Drug of the Month: Beclomethasone

Beclomethasone the generic name for a range of inhaled corticosteroids used to control asthma can cause cataracts, researchers have discovered recently.

They found that users were almost twice as likely to develop posterior subcapsular cataracts as nonusers; while the chances of developing nuclear cataracts were around 50 per cent greater.

The research, carried out among 3654 people from the Blue Mountains region of Australia, aged between 49 and 97, found that the risk increased with the length of time and the size of dose; the group at highest risk were those with a lifetime dose of 2000 mg (N Engl J Med 1997; 377: 8-14).

Some doctors have been surprised by the findings the Blue Mountain study is the first to indicate a link between the drug and cataracts and say the doses tested in the study are far higher than a normal asthma patient would require.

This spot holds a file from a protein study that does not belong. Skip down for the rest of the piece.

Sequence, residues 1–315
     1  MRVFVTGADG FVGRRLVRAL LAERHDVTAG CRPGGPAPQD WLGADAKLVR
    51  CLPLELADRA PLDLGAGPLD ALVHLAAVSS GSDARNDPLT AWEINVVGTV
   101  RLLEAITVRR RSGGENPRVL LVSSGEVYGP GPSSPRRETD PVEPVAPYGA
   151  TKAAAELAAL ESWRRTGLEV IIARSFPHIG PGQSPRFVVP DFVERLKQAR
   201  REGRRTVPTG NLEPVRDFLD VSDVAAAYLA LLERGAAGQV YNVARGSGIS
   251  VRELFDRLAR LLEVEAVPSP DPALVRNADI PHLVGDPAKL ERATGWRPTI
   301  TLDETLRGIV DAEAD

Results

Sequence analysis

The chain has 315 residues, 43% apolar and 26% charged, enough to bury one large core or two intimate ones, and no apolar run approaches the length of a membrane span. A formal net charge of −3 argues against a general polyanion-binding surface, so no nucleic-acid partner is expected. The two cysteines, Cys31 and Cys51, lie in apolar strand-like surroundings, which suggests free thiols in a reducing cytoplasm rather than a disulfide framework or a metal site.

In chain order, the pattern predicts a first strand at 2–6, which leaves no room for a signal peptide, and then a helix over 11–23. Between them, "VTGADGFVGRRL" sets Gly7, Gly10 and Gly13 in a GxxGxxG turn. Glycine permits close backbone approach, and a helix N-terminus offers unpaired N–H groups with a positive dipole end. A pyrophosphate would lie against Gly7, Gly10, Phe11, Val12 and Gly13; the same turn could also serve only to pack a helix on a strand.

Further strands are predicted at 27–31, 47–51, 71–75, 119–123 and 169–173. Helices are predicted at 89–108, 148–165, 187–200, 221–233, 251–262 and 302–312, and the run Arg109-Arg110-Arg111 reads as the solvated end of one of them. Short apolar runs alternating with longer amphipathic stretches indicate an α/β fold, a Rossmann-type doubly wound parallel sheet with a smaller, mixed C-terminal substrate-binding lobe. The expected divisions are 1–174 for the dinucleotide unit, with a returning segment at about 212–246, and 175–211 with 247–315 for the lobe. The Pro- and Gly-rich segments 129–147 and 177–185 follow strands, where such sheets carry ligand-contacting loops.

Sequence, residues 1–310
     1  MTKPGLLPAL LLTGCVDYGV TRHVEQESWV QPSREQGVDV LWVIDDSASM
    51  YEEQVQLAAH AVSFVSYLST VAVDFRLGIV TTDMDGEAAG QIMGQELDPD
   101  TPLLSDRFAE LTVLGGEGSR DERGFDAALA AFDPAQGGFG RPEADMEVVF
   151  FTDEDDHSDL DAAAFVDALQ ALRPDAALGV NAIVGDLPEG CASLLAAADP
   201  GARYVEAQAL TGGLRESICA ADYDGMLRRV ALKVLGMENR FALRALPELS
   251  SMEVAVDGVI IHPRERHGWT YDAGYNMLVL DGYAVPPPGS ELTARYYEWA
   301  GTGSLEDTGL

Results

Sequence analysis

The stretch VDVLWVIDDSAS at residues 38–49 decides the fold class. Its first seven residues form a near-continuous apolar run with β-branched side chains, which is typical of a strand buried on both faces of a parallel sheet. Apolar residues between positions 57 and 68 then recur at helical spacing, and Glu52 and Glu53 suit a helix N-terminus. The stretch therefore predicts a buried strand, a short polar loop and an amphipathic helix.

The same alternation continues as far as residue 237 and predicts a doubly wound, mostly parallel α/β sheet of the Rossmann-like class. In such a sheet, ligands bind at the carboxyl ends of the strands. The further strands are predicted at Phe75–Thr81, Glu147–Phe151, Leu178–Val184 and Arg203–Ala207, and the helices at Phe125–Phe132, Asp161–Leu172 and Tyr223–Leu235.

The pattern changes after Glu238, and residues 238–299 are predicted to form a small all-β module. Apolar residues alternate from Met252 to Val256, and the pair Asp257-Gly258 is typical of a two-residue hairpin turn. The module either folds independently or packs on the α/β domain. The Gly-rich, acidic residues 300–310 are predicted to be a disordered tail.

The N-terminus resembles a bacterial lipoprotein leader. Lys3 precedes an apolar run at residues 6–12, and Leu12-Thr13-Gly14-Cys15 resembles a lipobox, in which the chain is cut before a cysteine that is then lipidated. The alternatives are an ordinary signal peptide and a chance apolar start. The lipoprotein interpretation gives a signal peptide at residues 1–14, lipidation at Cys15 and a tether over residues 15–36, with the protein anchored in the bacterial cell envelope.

Nonetheless, the drug has been associated with conjunctivitis in earlier studies, although the most common reaction is headache, which can be experienced by up to a third of all users. The next most common reaction is pharyngitis (throat infection and inflammation) and coughing. Others include nasal burning, pain, muscle pain and tinnitus.

But the major worry is for asthma patients who switch from a systemically active corticosteroid to some of the aerosol corticosteroids. Some have died from adrenal insufficiency caused by the change.

Other problems have included localized infections of Candida albicans.

The Blue Mountain research team say their findings are based mainly on beclomethasone, as this was more readily available at the time. The other popular inhaled corticosteroid, budesonide, would also have produced similar results if it had been tested for long enough, they say.

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Written by What Doctors Don't Tell You

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